Fine Gael senators threaten to vote against Coalition alcohol bill

Fine Gael senators have threatened to vote against the Government’s alcohol bill if they do not get reassurances on measures impacting on small businesses.

A number of crunch meetings were yesterday held in a bid to ease the worries of senators before the Public Health (Alcohol) Bill 2015 is debated in the Seanad this afternoon.

However, Government senators are still concerned that the bill will severely impact on small rural retailers and corner shops.

The bill, which is at committee stage, would introduce minimum unit pricing for alcohol, would require health warnings on labels and also further restrict the advertising of alcohol.

However, one of the main concerns senators have is the requirement to segregate alcohol in shops.

They worry that the cost associated with blocking off sections of stores and perhaps requiring extra staff to monitor areas where alcohol is for sale could put pressure on small businesses.

Cork Fine Gael senator Tim Lombard said changes would have to be made to the bill before it is accepted.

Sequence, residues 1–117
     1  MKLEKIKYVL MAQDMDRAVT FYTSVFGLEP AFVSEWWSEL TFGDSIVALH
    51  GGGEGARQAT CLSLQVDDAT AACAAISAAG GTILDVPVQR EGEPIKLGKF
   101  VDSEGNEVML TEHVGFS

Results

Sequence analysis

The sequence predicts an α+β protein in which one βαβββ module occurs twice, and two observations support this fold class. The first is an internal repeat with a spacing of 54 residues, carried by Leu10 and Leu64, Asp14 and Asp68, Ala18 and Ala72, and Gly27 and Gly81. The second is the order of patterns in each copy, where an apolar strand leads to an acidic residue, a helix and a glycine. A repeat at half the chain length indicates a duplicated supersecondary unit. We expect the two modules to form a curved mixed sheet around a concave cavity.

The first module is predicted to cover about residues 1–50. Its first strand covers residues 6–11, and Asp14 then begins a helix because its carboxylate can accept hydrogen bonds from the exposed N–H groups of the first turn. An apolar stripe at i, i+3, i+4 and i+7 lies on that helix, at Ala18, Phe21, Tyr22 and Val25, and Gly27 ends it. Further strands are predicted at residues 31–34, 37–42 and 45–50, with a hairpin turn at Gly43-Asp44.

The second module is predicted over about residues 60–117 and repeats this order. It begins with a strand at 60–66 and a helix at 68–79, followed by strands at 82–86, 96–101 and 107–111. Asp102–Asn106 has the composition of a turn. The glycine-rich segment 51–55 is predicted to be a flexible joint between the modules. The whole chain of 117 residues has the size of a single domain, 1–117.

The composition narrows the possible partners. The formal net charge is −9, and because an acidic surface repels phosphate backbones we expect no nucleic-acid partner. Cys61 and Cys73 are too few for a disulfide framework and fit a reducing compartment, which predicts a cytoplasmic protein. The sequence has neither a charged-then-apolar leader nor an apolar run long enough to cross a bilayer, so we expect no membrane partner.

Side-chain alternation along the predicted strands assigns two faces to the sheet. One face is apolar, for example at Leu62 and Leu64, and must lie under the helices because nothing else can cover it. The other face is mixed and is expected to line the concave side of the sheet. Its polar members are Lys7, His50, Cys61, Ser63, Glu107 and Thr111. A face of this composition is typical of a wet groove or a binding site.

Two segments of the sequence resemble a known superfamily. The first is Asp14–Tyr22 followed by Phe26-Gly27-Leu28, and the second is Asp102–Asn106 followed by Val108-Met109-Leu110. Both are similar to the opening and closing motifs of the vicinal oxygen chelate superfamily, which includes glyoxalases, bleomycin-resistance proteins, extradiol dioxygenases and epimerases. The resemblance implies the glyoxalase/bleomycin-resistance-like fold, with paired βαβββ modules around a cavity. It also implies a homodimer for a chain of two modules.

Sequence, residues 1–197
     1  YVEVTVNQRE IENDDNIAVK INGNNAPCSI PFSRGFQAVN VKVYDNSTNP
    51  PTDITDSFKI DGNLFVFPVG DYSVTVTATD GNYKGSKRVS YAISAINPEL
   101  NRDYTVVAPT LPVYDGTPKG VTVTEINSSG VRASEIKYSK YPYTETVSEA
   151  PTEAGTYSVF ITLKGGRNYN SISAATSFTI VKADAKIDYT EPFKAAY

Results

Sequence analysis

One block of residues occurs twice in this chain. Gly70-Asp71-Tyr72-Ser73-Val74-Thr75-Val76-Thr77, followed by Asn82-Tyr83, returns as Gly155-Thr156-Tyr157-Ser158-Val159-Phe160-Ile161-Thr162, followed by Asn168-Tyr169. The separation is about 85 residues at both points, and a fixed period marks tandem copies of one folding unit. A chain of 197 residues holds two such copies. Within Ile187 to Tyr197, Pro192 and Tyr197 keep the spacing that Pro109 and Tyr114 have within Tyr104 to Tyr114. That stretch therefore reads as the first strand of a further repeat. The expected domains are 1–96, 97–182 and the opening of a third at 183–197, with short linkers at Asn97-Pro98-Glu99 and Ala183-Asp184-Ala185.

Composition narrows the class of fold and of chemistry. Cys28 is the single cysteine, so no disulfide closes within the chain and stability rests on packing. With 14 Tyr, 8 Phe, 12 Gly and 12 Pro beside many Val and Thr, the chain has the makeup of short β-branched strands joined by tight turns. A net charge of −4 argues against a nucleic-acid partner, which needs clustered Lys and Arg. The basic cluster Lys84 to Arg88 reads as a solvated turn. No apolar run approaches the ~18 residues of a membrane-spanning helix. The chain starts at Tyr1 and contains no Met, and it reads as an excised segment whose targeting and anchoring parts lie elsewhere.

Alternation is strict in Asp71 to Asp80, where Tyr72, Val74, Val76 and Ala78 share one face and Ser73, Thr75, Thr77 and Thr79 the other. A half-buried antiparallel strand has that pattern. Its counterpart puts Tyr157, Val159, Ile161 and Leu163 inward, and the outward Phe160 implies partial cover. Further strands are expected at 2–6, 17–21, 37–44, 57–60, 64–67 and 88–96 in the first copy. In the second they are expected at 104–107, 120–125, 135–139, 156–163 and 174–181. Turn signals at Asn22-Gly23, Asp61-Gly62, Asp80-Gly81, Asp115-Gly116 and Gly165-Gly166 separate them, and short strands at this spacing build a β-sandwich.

“We want to amend the bill. It is becoming an urban-rural divide. We are in favour of most of the bill but we have concerns and questions.”

He questioned whether the shopkeeper would be fined if a customer accidentally left a blind up or a curtain open after picking up a bottle from the shelf and called for “leeway” around this.

A meeting between senators and Junior Health Minister Marcella Corcoran Kennedy was held at 1.30pm yesterday and was described as “very volatile”.

There was a second briefing later yesterday afternoon with the chief medical officer.

It is understood that senators voiced strong opposition to parts of the bill and strongly indicated that they would not be able to support it if amendments were not made.

Another last-minute meeting is due to be held this morning before the Seanad debate.

One senator said: “The minister and the Taoiseach are trying to push this down the throat of the parliamentary party and most importantly of senators.”

However, Senator Paudie Coffey said he was hopeful that Ms Corcoran Kennedy could provide the “reassurances” needed and was confident it would not go as far as Fine Gael senators voting against it.

“We are looking to her [Ms Corcoran Kennedy] to take account of the concerns or to clarify the impact of structural separation.

He will be calling for an “incremental introduction” to the bill in the Seanad today.

“I would be asking the minister to bring forward minimum pricing, to introduce the changes around sponsorship especially with regard to children and sporting clubs.

“But the structural separation requirement should not be introduced until the impact of these measures is evaluated,” he said.

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